Again came the wave of relief at the diagnosis. I felt so much guilt over not having tried hard enough to breastfeed with my first child. Every breastfeeding support group I looked to for guidance urged me to try supplements, try aggressive round-the-clock pumping schedules, try this, try that. Now this lactation expert assured me that no matter how hard I tried, my body was incapable of creating enough breastmilk to sustain my babies. But with practice, my baby and I could create a routine that involved a combination of breastfeeding and bottlefeeding so we could find quiet moments of connection.
Seeing limits as answers instead of excuses
For many people, getting diagnosed with a mental or physical illness–even chronic disease–is a moment of relief. It offers an answer after months, perhaps years, of knowing that something isn’t right or that something is different about you. It also often provides a clear roadmap on how to best navigate life alongside your limitations.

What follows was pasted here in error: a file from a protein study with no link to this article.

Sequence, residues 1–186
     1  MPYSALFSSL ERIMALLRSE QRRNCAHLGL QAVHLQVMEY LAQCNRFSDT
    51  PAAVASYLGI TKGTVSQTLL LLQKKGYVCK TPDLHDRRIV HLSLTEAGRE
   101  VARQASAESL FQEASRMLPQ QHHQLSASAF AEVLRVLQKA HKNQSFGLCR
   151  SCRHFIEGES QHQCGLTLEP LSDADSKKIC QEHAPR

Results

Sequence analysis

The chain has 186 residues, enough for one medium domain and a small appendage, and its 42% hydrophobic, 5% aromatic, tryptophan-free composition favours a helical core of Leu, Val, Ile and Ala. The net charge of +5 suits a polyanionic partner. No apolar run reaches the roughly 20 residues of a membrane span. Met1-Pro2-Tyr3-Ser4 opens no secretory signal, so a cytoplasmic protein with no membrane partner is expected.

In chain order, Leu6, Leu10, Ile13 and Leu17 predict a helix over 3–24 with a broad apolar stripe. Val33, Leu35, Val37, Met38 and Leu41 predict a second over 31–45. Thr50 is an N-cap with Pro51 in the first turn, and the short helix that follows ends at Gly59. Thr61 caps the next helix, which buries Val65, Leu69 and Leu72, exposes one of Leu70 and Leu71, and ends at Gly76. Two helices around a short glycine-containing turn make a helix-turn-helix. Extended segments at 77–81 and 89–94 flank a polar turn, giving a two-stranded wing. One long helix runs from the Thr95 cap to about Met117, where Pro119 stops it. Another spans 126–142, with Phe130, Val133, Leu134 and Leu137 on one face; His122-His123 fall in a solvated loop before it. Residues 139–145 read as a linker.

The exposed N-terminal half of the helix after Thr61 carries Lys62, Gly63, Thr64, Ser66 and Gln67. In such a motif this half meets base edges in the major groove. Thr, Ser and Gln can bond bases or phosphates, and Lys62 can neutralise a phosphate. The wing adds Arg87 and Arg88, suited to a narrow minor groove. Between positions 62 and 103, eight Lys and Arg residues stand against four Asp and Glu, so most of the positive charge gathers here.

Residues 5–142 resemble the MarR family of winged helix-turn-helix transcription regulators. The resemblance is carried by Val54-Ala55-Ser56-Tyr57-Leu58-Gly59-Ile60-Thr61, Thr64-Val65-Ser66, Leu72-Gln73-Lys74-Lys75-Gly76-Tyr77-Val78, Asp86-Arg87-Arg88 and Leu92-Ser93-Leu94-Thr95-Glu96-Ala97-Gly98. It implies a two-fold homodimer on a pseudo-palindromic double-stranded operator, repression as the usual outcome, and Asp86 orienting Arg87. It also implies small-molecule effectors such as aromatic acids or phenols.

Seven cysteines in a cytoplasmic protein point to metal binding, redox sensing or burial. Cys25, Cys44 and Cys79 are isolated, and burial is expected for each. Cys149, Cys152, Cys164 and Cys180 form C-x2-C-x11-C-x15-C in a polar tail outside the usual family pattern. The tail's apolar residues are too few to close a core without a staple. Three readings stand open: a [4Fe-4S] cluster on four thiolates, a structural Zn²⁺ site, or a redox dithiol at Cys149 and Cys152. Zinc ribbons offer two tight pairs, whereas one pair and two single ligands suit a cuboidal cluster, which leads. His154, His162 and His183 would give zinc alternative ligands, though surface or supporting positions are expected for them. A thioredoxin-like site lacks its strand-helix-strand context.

There’s another aspect of getting a diagnosis we don’t talk much about: it provides answers to the people around you. It helps you clearly communicate your boundaries to them. And it gives you clarity on who is willing to support and embrace and respect you as you are.
Unfortunately, we live in a world that sees limits as liabilities.
“It’s all right to tell a man to lift himself by his own bootstraps, but it is cruel jest to say to a bootless man that he ought to lift himself by his own bootstraps.”
–Martin Luther King, Jr.
Our “pick yourself up by your bootstraps” society sends a well-meaning but potentially harmful message: “push past your limits.” The intrinsic meaning is that we are capable of more than we think we are. That our physical limitations are all a matter of mindset. That our mental limitations are just a matter of attitude. That if we just try hard enough in this world, we can do anything.